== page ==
When homocysteine levels are out of balance, getting them back on track isn’t as simple as taking a supplement or two.
Homocysteine is a naturally occurring amino acid produced through the methylation process. It’s not something we obtain directly through our diet, so it isn’t easily reduced or replaced through supplements or dietary changes.
High levels and low levels of homocysteine can be problematic. A combination of diet, exercise, and lifestyle factors impact homocysteine production and can work together to aid regulating levels.
The production of homocysteine is a multi-step process that occurs via methionine. It’s in our blood, and our bodies produce it, but since we don’t obtain it directly through the things that we eat, regulating its levels can be complex.
Homocysteine is an important part of the overall picture for both methylation and transsulfuration. These pathways help the body detoxify itself and also help to create neurotransmitters involved in the production and regulation of hormones. An example of this is glutathione, which has marked free-radical fighting activities and is linked with cardiovascular health.* Glutathione is an end result of methylation pathways, but it wouldn’t work without homocysteine in those pathways as well.
Because of the pathways involved, homocysteine has a rapid metabolism. In most cases, the body regulates homocysteine levels well. But if levels are too high, it stays in the body and can cause vascular damage, especially in the brain.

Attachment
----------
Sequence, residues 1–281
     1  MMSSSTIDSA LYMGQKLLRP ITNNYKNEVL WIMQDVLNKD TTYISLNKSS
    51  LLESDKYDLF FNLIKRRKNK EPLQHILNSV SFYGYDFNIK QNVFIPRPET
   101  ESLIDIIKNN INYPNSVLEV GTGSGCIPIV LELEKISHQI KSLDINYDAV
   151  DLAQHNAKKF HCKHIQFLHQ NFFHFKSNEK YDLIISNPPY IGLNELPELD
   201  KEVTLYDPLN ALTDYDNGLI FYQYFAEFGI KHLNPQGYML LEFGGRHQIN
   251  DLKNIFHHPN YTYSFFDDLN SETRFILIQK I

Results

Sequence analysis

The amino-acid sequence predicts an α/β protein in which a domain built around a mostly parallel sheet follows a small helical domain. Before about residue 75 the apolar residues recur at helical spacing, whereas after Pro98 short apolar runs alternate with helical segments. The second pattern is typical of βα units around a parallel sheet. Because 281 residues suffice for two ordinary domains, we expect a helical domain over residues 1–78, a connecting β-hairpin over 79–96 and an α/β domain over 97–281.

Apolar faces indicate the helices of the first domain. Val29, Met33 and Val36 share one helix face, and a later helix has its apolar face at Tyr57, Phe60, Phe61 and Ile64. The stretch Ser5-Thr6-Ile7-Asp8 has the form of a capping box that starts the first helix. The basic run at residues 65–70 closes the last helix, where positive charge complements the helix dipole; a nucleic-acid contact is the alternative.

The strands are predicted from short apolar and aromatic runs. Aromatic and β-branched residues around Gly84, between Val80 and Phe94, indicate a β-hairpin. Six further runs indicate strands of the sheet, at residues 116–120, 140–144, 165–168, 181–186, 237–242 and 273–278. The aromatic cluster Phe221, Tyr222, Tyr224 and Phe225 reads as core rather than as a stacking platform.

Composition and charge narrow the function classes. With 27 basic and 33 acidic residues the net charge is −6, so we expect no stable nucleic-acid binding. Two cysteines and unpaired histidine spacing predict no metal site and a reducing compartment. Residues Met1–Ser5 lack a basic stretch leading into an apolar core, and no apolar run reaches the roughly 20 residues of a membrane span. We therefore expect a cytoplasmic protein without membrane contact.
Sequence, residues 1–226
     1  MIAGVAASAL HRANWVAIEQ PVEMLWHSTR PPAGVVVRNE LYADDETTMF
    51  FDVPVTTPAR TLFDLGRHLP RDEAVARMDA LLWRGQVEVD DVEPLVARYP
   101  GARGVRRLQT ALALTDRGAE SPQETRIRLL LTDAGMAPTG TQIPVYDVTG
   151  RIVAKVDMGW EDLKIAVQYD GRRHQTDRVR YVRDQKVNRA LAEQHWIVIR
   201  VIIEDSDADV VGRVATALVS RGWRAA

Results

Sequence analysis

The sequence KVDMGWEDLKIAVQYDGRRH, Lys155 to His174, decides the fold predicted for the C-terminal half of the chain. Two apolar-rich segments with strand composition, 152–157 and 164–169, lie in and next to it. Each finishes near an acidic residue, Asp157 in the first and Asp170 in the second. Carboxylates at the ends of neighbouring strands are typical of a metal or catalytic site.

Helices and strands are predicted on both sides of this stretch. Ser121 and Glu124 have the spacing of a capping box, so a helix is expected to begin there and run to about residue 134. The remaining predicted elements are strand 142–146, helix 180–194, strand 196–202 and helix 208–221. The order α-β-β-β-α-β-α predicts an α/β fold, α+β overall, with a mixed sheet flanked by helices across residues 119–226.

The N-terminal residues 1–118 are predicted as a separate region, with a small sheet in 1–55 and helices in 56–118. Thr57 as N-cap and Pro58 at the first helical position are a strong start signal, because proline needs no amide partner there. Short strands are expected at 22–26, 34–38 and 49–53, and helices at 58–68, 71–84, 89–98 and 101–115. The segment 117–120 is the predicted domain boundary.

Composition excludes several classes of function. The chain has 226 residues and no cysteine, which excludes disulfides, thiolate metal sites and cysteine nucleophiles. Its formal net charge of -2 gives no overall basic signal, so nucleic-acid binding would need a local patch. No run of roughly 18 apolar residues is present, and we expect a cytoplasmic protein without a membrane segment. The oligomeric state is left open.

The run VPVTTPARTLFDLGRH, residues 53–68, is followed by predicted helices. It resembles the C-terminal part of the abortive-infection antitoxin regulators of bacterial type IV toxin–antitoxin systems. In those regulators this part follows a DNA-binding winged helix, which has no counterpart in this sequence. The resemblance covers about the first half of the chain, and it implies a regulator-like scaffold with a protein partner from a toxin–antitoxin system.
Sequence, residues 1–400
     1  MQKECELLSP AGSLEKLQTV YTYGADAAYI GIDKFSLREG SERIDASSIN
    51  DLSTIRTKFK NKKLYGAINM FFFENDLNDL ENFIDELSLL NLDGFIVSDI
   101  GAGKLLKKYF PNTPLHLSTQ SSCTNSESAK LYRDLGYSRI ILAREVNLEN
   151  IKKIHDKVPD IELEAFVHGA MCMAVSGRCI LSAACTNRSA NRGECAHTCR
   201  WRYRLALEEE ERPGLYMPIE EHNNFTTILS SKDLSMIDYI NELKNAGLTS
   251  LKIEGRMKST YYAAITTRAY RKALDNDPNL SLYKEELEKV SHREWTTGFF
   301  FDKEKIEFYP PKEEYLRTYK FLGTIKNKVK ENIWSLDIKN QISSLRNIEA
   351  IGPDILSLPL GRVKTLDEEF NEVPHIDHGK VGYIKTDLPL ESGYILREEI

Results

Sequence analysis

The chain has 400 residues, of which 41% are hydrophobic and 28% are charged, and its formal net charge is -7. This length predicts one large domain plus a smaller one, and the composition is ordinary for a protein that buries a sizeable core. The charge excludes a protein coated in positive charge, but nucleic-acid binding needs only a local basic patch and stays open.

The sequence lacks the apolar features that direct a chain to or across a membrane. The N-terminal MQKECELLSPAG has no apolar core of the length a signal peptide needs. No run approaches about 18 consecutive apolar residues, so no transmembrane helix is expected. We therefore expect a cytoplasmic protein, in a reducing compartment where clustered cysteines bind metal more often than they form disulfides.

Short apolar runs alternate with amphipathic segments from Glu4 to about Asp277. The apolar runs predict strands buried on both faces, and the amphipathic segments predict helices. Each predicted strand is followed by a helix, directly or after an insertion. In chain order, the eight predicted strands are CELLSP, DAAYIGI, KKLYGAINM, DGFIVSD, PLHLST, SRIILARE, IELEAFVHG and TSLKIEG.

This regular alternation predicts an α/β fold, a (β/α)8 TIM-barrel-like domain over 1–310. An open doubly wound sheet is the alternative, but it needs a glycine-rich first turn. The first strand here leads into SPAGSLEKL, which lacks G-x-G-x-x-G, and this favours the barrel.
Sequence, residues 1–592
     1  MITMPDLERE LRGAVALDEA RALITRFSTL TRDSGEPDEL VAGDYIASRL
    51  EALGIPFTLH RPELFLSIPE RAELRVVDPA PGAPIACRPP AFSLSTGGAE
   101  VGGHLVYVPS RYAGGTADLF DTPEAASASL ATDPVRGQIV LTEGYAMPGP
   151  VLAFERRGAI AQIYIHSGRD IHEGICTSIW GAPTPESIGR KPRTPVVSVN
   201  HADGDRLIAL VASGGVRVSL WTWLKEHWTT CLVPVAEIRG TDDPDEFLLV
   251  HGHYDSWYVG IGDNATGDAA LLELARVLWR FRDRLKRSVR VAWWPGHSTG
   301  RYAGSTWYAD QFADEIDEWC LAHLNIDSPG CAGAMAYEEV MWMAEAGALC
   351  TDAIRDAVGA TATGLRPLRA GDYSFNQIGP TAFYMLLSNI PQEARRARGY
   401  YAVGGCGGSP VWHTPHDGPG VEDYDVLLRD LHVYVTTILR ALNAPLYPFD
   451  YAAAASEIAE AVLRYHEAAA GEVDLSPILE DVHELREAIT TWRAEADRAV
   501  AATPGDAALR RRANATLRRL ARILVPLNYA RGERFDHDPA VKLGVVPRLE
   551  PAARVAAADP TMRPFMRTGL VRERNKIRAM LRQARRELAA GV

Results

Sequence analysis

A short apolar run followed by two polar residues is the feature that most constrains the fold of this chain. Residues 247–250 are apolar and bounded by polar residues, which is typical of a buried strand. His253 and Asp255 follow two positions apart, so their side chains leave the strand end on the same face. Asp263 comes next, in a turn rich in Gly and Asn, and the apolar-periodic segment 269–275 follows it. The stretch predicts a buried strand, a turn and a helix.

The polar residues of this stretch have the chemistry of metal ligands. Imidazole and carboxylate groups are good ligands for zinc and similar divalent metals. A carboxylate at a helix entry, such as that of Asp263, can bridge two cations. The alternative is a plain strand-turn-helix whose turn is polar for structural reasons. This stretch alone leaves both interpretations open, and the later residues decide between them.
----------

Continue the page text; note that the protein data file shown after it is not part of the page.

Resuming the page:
Excess homocysteine equals more free radicals, which can result in damage in the blood and oxidation that can cause arterial and vascular plaquing. High levels of homocysteine are linked to poor cardiovascular health and normal memory loss associated with aging.
The human brain is vascularized very well, and it relies on this fact to function properly. So it’s easy to see why various cognitive issues are linked to the impeded blood flow, damaged vessels, and plaquing associated with high homocysteine levels.
Average levels shown in typical homocysteine labs are between six and fifteen nanomoles per milliliter. Low levels are six and below. Extremely low levels (four or five range), known as hypohomocystemia, means that the body is not converting enough methionine into cysteine. It also could mean the body isn’t producing enough glutathione, taurine, or sulfate—all of which are necessary for detoxification pathways.
When homocysteine levels are low, the body won’t be able to respond to oxidative damage sufficiently. Here we go back to glutathiones as an example. Low homocysteine usually means low levels of glutathiones as well, which are oxidative detoxifiers.
There’s a fine line between too high and too low. If the body has too little, it’s open to more oxidative damage. If the body has too much, there can be vascular damage and plaque.
Because homocysteine is only produced as part of the methylation pathway, there is no direct supplement that we can take for regulation. But we can eat foods and take supplements that work as cofactors to help the process along.*
A poor diet can be a major factor because the body simply isn’t getting the nutrients it needs regularly. For those with low homocysteine levels, eating methionine-rich foods, primarily meats but also dairy, eggs, fish, nuts, and seeds can help to boost methionine levels, which are converted to S-Adenosyl-L-Methionine and then further converted to homocysteine. Along with methionine-rich foods, green veggies provide folates and folic acids which are also needed for the methylation pathway to function correctly.